it might be the shared laptop computer used by Hillary Clinton’s vice chair of her 2016 campaign, Huma Abedin, and her emotionally sick husband, Anthony Weiner. And I feel that Ms. Abedin has suffered enough already.

    We must now go forward, though why the President’s approval rating still remains at the percentage that it is now, remains a mystery, at least to me.

  6. Submitted by Misty Martin on 05/07/2018 - 09:24 am.

    And as a follow-up to my last comment, I just read that . . .

    in the fact checker analysis section, gathered and composed by Glenn Kessler, Salvador Rizzo and Meg Kelly, for The Washington Post, entitled “President Trump has made 3,001 false or misleading claims so far” it lists the 3,001 false or misleading claims in the 466 days since President Trump has taken office.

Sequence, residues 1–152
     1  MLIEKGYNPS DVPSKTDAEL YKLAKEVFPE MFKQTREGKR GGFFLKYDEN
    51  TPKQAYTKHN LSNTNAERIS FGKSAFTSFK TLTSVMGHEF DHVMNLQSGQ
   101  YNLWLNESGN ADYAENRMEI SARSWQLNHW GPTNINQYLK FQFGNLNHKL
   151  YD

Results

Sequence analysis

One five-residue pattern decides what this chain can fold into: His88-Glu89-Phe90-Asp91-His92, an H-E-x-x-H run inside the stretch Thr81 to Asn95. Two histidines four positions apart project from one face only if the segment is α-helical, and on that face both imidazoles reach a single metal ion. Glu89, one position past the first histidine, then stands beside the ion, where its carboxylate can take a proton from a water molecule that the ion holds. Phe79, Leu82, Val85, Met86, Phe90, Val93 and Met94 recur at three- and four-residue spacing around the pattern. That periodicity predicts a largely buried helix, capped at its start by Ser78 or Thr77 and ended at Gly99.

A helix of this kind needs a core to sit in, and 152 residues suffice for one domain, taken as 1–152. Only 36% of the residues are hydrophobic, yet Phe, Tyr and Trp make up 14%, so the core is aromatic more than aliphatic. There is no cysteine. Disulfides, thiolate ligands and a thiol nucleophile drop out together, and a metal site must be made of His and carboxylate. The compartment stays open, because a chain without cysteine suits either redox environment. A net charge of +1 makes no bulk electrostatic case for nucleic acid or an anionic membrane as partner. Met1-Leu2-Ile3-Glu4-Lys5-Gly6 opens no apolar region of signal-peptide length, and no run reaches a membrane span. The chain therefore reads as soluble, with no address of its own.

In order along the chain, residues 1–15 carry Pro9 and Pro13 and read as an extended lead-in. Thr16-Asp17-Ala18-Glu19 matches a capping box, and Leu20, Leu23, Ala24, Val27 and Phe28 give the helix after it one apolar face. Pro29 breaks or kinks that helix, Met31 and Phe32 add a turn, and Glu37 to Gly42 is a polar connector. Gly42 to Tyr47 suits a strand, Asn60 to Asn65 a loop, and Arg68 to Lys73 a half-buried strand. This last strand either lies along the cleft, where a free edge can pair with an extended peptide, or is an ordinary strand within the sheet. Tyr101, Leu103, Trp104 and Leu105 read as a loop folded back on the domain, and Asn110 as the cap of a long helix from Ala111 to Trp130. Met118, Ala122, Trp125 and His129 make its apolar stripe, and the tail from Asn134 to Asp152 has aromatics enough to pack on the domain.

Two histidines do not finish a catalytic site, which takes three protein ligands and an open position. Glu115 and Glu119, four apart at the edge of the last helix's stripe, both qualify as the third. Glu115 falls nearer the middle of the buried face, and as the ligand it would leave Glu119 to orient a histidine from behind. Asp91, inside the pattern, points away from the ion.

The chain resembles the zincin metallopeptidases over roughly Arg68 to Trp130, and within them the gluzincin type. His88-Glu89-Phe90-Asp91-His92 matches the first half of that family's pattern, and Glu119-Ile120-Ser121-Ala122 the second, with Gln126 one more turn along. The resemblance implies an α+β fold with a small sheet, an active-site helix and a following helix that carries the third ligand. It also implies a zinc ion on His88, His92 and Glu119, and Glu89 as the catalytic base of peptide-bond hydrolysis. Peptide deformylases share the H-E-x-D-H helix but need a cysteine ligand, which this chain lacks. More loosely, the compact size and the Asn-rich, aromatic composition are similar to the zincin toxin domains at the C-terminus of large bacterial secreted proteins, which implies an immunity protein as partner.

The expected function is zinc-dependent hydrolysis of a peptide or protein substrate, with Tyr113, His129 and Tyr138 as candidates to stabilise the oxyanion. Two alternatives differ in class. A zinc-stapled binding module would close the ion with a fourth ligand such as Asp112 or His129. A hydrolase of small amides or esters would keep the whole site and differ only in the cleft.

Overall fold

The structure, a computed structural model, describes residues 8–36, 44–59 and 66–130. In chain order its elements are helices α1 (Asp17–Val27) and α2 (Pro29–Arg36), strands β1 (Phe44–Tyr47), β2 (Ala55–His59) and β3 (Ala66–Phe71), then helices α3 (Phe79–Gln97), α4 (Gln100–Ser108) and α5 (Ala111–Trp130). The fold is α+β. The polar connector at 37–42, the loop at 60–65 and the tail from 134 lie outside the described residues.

Former FBI Director, James Comey, stated in his book, “A Higher Loyalty” and in his televised interviews, that our present President is “morally unfit” for office, although he does not advocate impeachment.

    At least, 3,001 false or misleading claims so far . . . that ties in to what I earlier said about lies having to be covered up by more lies, etc., etc., etc. According to the approval rating for President Trump, one would have to assume, that perhaps those followers and supporters of President Trump, don’t appear to mind being lied to and are not interested in knowing the facts. It’s hard to say.